Grassroots Coalition Responds to Withdrawal of Jail Expansion Bill, Calls for Systemic Change to Transform Unjust System

Anti prison press conference at City Hall

June 18, 2015 -Today, City Council has postponed a proposed move to buy land for a new jail. As a coalition of grassroots organizations who mobilized to stop this expansion of the Philadelphia Prison System (PPS), we are glad that at this current juncture City Council has started listening to the resounding message of people across Philadelphia. However, we do not see this decision as the solution to transforming Philadelphia’s deeply troubled jail system.

For years, Philadelphia communities have urged our City government to decrease the number of people held in Philadelphia County jails and invest in our severely underfunded school system. We have called on City government to take a stand against mass incarceration, and show people that they choose high quality classrooms and reforms that will keep people out of prison over the expansion of a broken, racist, unjust criminal legal system. Over the last several months, our coalition, #No215Jail, specifically urged City Council members not to invest our tax dollars into purchasing property intended to house a new jail that would further incarcerate our communities.

Philadelphia does not need a new jail. We believe the House of Correction can—and should—be closed. Philadelphia needs real, systemic bail reform. We need an end to stop and frisk and other racist police practices that disproportionately channel poor people and people of color into the city's jails. We need real transparency and accountability to end rampant overcharging in the District Attorney’s office and eliminate the unjust pressure on defendants to accept plea bargains that are not in their best interest and often lead to collateral consequences that will impact their lives forever. We need to address overcrowding and other human rights abuses in the Philadelphia Prison System by bringing people home and allowing them to be with their families and continue their lives while they await trial, not by building a new jail. We need investment and systemic commitment to alternatives to incarceration that address harm, violence, and loss in our communities in ways that will lead to real transformation and healing.

We are committed to this fight because we recognize the national context of what a new jail in Philadelphia will mean for our communities. Roughly 1 out of every 100 adults in the US is behind bars. The US represents only 5 percent of the world’s population but incarcerates a quarter of the world’s prisoners. Over 65 million people in the US have criminal records, people of color represent 30 percent of our country’s population but account for 60 percent of those who are imprisoned, and 1 in 5 people in Philadelphia are formerly incarcerated. We are living in an era of mass incarceration crisis. While we know that today’s victory is a small and temporary one, we will continue to fight against the unjust and unfair systems of punishment and removal that leave thousands of families, neighborhoods and communities torn apart.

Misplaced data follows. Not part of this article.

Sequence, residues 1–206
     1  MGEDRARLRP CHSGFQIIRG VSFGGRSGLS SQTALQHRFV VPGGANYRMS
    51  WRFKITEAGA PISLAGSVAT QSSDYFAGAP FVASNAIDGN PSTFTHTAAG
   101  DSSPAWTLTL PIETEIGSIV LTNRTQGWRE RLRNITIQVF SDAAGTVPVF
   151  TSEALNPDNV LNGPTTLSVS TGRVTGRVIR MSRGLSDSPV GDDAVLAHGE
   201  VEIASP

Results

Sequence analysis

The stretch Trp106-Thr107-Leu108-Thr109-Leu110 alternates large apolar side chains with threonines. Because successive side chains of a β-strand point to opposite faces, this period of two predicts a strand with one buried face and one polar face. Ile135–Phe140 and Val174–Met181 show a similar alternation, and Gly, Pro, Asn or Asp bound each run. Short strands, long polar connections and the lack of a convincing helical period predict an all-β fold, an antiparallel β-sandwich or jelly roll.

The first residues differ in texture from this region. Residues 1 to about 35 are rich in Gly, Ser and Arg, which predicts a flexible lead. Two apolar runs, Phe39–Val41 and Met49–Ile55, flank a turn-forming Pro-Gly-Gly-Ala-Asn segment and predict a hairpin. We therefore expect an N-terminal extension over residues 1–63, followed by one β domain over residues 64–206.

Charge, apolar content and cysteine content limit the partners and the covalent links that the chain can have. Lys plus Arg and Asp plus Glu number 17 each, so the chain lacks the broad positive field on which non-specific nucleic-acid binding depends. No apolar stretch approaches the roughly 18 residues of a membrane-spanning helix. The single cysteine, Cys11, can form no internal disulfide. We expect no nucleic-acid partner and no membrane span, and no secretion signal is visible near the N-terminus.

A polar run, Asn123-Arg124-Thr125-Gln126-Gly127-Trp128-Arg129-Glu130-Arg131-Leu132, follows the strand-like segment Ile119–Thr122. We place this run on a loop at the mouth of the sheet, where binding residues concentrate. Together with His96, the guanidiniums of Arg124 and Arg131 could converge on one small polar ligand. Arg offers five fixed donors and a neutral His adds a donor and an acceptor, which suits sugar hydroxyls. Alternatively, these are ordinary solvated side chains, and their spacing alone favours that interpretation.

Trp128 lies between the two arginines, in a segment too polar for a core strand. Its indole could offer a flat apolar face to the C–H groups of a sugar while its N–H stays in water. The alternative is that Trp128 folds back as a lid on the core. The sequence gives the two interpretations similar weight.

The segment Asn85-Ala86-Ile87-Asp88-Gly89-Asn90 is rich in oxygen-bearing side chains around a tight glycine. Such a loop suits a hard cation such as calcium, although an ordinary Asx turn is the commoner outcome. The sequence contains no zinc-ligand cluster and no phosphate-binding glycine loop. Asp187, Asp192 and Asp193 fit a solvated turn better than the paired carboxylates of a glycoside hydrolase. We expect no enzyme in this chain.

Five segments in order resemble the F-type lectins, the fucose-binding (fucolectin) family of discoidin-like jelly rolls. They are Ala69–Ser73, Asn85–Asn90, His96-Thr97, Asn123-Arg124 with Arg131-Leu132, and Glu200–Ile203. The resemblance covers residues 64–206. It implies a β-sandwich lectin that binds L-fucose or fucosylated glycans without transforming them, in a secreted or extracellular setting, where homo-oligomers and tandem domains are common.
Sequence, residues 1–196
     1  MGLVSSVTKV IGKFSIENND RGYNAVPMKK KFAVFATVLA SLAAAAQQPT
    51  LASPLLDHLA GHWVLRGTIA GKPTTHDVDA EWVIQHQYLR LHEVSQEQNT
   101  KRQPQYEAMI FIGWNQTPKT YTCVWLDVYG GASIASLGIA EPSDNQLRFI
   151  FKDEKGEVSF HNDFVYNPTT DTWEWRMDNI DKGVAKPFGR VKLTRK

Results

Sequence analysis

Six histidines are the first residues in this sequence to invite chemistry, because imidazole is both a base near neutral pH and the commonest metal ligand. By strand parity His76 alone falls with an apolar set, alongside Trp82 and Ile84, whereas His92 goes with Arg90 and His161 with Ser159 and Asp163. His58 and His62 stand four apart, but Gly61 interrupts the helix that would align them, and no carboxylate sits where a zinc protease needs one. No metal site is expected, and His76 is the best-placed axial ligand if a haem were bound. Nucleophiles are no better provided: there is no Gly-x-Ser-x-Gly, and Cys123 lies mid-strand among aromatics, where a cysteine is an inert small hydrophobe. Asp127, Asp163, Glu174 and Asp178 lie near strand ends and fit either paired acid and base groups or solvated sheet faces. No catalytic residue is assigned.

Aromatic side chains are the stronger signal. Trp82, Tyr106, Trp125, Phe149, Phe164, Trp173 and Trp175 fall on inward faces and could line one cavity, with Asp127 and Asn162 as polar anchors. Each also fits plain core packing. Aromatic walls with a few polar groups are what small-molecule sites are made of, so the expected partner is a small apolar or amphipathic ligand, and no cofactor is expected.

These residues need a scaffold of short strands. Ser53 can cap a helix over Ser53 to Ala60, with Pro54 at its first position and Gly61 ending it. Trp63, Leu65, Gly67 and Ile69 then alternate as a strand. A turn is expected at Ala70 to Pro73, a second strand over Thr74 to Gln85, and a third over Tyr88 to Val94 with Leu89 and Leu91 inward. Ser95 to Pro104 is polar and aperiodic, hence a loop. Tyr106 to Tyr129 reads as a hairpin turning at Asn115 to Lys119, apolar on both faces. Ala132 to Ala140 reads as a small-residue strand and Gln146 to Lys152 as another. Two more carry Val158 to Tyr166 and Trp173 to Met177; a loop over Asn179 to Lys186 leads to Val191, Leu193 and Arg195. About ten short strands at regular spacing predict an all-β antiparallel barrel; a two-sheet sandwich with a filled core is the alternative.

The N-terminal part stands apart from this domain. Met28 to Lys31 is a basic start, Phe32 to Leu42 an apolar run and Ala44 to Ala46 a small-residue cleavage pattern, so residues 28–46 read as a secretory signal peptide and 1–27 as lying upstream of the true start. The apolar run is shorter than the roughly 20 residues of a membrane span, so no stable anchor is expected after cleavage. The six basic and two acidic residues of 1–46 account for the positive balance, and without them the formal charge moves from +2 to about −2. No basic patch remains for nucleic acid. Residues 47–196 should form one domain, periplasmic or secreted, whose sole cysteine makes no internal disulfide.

As long as police continue to employ racist tactics that target people of color and poor people for search and arrest; prosecutors continue to stack up charges and force people to take plea bargains; and judges continue to let people languish months or even years in jail waiting for their cases to go to trial - we have not won yet. As long as more than 5000 Philadelphians remain locked up only because they cannot afford to post bail in a system designed to warehouse poor and working class people- - we have not won yet.

As long as our city continues to pour millions of dollars each year into a failed system of mass incarceration rather than into fully funded schools, affordable housing, high quality healthcare, comprehensive mental health and drug and alcohol services, jobs and job training, effective reentry support and the many other resources and supports that actually build and sustain safe communities - we have not won yet.

Given our clear stance and organizing as communities most impacted by incarceration, we expect that leadership from the #No215Jail Coalition will be included in the new Philadelphia Prison and Incarceration Reform Working Group that Councilman Henon and Councilwoman Blackwell are establishing. Transformation and change of unjust systems must be led by people and communities most directly targeted and impacted by those systems. We are the driving force of imagining and creating a new vision and path for systems that are rooted in fairness, dignity, and human rights.

On behalf of Decarcerate PA, Philadelphia Student Union, 1Love Movement, X-Offenders for Community Empowerment and the Human Rights Coalition